Dissertation Abstracts

Migrant Representation, Discourses, and Determination. The Case of the UK at the Height of the European ‘Refugee Crisis’

Author: Helidah RA Ogude-Chambert, ogudh539@newschool.edu
Department: The Graduate Center, CUNY
University: The New School, United States
Supervisor: Miriam Ticktin
Year of completion: 2022
Language of dissertation: English

Keywords: race , affect , masculinity , migration
Areas of Research: Migration , Language and Society , Racism, Nationalism and Ethnic Relations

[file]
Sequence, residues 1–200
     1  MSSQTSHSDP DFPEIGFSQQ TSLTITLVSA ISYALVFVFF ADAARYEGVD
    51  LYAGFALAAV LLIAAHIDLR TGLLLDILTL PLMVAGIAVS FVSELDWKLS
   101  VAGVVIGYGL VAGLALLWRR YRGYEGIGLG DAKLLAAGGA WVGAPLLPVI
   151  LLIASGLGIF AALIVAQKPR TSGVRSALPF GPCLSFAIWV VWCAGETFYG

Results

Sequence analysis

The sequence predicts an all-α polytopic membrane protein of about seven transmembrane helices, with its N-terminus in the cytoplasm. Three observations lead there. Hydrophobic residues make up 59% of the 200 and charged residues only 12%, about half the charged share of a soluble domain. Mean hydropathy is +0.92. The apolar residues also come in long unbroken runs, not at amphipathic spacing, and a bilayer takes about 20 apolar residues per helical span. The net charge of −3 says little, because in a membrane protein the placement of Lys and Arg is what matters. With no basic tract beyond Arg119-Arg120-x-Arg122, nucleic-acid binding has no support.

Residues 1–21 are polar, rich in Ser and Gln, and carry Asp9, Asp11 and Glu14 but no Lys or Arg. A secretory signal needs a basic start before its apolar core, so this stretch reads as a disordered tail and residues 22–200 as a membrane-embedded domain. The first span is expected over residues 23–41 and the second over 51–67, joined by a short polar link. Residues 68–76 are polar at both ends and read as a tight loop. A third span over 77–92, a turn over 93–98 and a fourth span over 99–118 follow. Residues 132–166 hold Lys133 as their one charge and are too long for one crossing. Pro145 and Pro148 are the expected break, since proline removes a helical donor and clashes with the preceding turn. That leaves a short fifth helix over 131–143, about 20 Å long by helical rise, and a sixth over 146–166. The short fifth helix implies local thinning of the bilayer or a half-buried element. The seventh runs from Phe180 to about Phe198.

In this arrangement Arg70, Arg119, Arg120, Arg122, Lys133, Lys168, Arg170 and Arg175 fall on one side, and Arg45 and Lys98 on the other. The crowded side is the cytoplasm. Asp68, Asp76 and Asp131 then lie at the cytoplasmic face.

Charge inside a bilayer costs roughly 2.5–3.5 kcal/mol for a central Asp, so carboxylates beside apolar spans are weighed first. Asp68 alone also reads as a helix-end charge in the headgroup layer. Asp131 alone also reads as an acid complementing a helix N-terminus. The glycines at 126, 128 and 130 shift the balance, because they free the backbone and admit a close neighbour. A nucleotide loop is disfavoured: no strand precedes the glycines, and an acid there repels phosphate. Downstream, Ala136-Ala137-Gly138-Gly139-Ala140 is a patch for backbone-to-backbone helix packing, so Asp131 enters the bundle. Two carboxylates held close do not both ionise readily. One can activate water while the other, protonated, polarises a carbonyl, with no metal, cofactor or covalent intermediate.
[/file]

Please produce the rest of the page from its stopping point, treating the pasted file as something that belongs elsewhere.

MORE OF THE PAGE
The European ‘refugee crisis’ has been the site upon which recent mainstream news discourse and policy towards asylum-seekers wishing to enter Europe via ‘illegalized’ means has been articulated and scrutinized. Most of these asylum-seekers are from Africa and the Middle East. The ‘refugee crisis,’ therefore, serves as a critical flashpoint; a betraying historical juncture through which we can understand vexed questions about race, racism, and the pernicious colonial vestiges that ‘Europe’ has vehemently refused to grapple with. This now manifests in Europe’s border regime and the countless known and unknown Black and Brown bodies at sea. This research focuses on the woefully under-researched complex and mutually constitutive relationship between media, public attitudes, and immigration policymaking. It explores this relationship during the height (2013-2016) of what is considered a regime-orchestrated racial crisis. This work analyzes discursive and affective representations of migrant subjects in three of the most widely read U.K. print news publications and immigration policies of the U.K. government, showing that they mutually generated a distinct politics of affect. It visualizes ‘affective-racialized networks’ using a newly developed methodology built on corpus-assisted discourse studies. These formations – which constitute nested webs of words repeatedly used by news media to describe migrant subjects – are ubiquitous and reveal manufactured affective, racialized, and gendered knowledge. In trying to generate public consent to legitimize immigration policies, the thesis contends that the state and media depicted Black African, Middle Eastern/Muslim, and Eastern European male migrants as objects of panic, disgust, anger, resentment, fear, and contempt. These affective-racialized networks functioned like economies. They circulated and accumulated spatially and temporally. As such, this thesis advances that the networks contributed to the justification of policy actions by the U.K. government that led to the industrialization of death: the militarization of maritime space, which resulted in the countless unnoticed deaths of predominantly men from the Global South. The applied methodology opens up new research avenues for migration, media semiotics, gender, critical race, visuality, and affects scholars that wish to better understand how racialized and affective knowledge is forged, fostered, and enacted by political elites.